Shortleaf Pine

Shortleaf Pine (Pinus echinata)
Shortleaf Pine (Pinus echinata)

View More Images Below

Common Name(s): Shortleaf Pine

Scientific Name: Pinus echinata

Distribution: Southeastern United States, though also widely grown on plantations

Tree Size: 65-100 ft (20-30 m) tall, 2-3 ft (.6-1 m) trunk diameter

Average Dried Weight: 35 lbs/ft3 (570 kg/m3)

Specific Gravity (Basic, 12% MC): .47, .57

Janka Hardness: 690 lbf (3,070 N)

Modulus of Rupture: 13,100 lbf/in2 (90.3 MPa)

Elastic Modulus: 1,750,000 lbf/in2 (12.10 GPa)

Crushing Strength: 7,270 lbf/in2 (50.1 MPa)

Shrinkage: Radial: 4.6%, Tangential: 7.7%, Volumetric: 12.3%, T/R Ratio: 1.7

Color/Appearance: Heartwood is reddish brown, sapwood is yellowish white.

Grain/Texture: Straight grained with a fine to medium texture.

Endgrain: Large resin canals, numerous and evenly distributed, mostly solitary ; earlywood to latewood transition abrupt, color contrast high; tracheid diameter medium-large.

Rot Resistance: The heartwood is rated as moderate to low in decay resistance.

Workability: Overall, Shortleaf Pine works fairly well with most tools, though the resin can gum up tools and clog sandpaper. It has a moderate dulling effect on cutting edges. Shortleaf Pine glues and finishes well.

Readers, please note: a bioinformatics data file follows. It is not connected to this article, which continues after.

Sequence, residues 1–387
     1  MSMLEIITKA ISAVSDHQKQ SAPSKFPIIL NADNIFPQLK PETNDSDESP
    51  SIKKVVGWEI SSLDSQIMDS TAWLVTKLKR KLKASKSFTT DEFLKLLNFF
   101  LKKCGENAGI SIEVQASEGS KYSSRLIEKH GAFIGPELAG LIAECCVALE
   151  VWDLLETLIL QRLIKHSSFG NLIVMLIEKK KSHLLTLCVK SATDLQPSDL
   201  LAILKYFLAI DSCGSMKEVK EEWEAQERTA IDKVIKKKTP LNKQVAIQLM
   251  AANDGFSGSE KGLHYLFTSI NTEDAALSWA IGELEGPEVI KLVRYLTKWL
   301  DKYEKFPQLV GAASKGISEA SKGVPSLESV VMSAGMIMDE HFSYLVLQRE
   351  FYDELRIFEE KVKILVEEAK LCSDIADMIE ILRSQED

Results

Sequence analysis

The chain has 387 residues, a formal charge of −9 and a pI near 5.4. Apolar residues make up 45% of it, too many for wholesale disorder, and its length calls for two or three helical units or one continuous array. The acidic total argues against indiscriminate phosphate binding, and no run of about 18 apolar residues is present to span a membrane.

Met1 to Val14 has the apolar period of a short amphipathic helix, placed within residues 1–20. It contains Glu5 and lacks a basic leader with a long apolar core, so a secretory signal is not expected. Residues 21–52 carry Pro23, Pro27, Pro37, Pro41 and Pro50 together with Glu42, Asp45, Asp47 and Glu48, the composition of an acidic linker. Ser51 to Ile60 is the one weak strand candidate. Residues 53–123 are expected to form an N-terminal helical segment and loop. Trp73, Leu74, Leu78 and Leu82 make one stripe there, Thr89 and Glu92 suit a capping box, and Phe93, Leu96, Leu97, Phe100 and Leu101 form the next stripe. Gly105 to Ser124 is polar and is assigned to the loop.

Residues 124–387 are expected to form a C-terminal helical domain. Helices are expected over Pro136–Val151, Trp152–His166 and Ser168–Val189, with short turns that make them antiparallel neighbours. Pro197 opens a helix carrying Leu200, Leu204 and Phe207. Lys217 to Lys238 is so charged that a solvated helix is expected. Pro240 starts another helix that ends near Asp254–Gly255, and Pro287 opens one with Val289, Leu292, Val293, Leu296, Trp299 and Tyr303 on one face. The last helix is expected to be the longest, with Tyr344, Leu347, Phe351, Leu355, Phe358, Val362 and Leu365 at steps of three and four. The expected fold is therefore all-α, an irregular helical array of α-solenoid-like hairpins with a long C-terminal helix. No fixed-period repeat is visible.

Odor: Has a distinct smell that is shared among most species in the Pinus genus.

Allergies/Toxicity: Working with pine has been reported to cause allergic skin reactions and/or asthma-like symptoms in some people. See the articles Wood Allergies and Toxicity and Wood Dust Safety for more information.

Pricing/Availability: Should be widely available as construction lumber for a modest price.

Sustainability: This wood species is not listed in the CITES Appendices, and is reported by the IUCN as being a species of least concern.

Common Uses: Shortleaf Pine is used for heavy construction, such as: bridges, beams, poles, railroad ties, etc. It’s also used for making plywood, wood pulp, and veneers.

Comments: Shortleaf Pine is considered to be in the group of southern yellow pines, and shares many characteristics with other species of this group (Longleaf, Slash, and Loblolly Pine) such as being: hard, dense, and possessing an excellent strength-to-weight ratio.

Related Species:

Related Articles:


Shortleaf Pine (Pinus echinata)
Shortleaf Pine (sanded)

Shortleaf Pine (sealed)
Shortleaf Pine (sealed)

Shortleaf Pine (endgrain)
Shortleaf Pine (endgrain)

Shortleaf Pine (endgrain 10x)
Shortleaf Pine (endgrain 10x)
Notify of
Inline Feedbacks
View all comments